Saturday, January 05, 2008

Is Facebook Interfering With Criminal Investigations?

Yesterday, the Canadian Broadcasting Corporation reported how the popular social networking site Facebook is making publication bans in criminal cases harder to enforce.

A 14 year-old Toronto girl was stabbed to death on New Year's Day by 2 juveniles. Normally, under Canada's Youth Criminal Justice Act, the 2 underage murder suspects and the victim should not be identified.

But the pictures and names of all 3 were posted on Facebook. The local police released the name of the victim, Stefanie Rengel, this week with the consent of her parents.

Toronto police say Facebook "highlights the futility of imposing publication bans".
"Mark Pugash, spokesman for the Toronto Police Service, says the Rengel case is a perfect example of how Facebook can often interfere with the rule of law (...)"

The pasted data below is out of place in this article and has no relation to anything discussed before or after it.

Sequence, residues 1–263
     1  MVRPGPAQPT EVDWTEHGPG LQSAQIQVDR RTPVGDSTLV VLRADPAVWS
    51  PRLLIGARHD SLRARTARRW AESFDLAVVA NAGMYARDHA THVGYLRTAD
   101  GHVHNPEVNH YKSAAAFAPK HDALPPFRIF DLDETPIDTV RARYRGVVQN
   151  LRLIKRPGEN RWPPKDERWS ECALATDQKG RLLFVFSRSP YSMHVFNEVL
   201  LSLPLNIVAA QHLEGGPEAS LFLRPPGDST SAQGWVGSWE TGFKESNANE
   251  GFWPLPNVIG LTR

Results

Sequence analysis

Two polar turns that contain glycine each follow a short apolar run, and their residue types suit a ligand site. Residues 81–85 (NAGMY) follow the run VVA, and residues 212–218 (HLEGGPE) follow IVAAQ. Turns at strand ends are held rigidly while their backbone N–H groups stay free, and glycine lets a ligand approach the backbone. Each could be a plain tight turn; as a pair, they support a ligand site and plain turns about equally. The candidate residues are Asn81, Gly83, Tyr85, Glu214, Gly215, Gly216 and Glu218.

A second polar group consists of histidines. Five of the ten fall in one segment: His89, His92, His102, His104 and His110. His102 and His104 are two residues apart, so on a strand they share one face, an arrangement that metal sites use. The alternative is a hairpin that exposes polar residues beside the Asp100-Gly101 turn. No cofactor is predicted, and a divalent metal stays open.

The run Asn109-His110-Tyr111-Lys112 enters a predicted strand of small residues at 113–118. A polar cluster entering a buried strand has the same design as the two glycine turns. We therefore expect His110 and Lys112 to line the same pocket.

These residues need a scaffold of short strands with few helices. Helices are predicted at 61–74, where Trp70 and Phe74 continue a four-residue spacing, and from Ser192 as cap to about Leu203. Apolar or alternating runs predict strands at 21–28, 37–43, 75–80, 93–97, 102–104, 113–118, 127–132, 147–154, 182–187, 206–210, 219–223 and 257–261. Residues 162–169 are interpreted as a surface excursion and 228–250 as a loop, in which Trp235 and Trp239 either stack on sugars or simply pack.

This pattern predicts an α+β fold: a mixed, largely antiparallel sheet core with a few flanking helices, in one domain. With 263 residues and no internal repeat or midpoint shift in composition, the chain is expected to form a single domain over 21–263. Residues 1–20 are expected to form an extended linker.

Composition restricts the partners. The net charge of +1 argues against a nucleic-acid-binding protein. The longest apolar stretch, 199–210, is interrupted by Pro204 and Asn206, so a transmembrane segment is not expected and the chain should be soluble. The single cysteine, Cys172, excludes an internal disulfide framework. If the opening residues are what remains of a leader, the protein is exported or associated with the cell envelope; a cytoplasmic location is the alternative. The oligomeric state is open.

"Martha McKinnon, executive director of Justice for Children and Youth, says the answer is education. She says many Facebook users are teens and may not even know they are breaking the law."

" 'Neither the federal nor provincial government have invested any resources into educating the public about why we have these confidence provisions [in the Youth Criminal Justice Act]; what they are for ... so that people will actually know what the law is,' she said."

"Legal observers say the case shows the law's inability to keep up with those who wish to express themselves on the internet."

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posted by Michel-Adrien at 7:53 pm

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